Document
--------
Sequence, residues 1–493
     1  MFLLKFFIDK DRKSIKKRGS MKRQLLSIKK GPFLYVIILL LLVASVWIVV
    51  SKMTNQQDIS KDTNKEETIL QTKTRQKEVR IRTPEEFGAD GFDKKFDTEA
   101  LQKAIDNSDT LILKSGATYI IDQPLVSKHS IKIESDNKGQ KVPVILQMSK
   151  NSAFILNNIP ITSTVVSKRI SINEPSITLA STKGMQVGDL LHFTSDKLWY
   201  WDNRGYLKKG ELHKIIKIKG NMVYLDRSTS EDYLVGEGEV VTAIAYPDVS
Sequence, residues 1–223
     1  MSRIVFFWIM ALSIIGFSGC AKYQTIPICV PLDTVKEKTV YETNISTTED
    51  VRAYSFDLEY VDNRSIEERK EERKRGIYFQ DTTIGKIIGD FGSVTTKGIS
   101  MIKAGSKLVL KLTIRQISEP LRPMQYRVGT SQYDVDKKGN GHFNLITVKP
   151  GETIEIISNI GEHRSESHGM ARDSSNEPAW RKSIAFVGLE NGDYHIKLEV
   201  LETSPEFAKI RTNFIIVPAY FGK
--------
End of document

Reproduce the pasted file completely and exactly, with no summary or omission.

Sequence, residues 1–493
     1  MFLLKFFIDK DRKSIKKRGS MKRQLLSIKK GPFLYVIILL LLVASVWIVV
    51  SKMTNQQDIS KDTNKEETIL QTKTRQKEVR IRTPEEFGAD GFDKKFDTEA
   101  LQKAIDNSDT LILKSGATYI IDQPLVSKHS IKIESDNKGQ KVPVILQMSK
   151  NSAFILNNIP ITSTVVSKRI SINEPSITLA STKGMQVGDL LHFTSDKLWY
   201  WDNRGYLKKG ELHKIIKIKG NMVYLDRSTS EDYLVGEGEV VTAIAYPDVS
Sequence, residues 1–223
     1  MSRIVFFWIM ALSIIGFSGC AKYQTIPICV PLDTVKEKTV YETNISTTED
    51  VRAYSFDLEY VDNRSIEERK EERKRGIYFQ DTTIGKIIGD FGSVTTKGIS
   101  MIKAGSKLVL KLTIRQISEP LRPMQYRVGT SQYDVDKKGN GHFNLITVKP
   151  GETIEIISNI GEHRSESHGM ARDSSNEPAW RKSIAFVGLE NGDYHIKLEV
   201  LETSPEFAKI RTNFIIVPAY FGK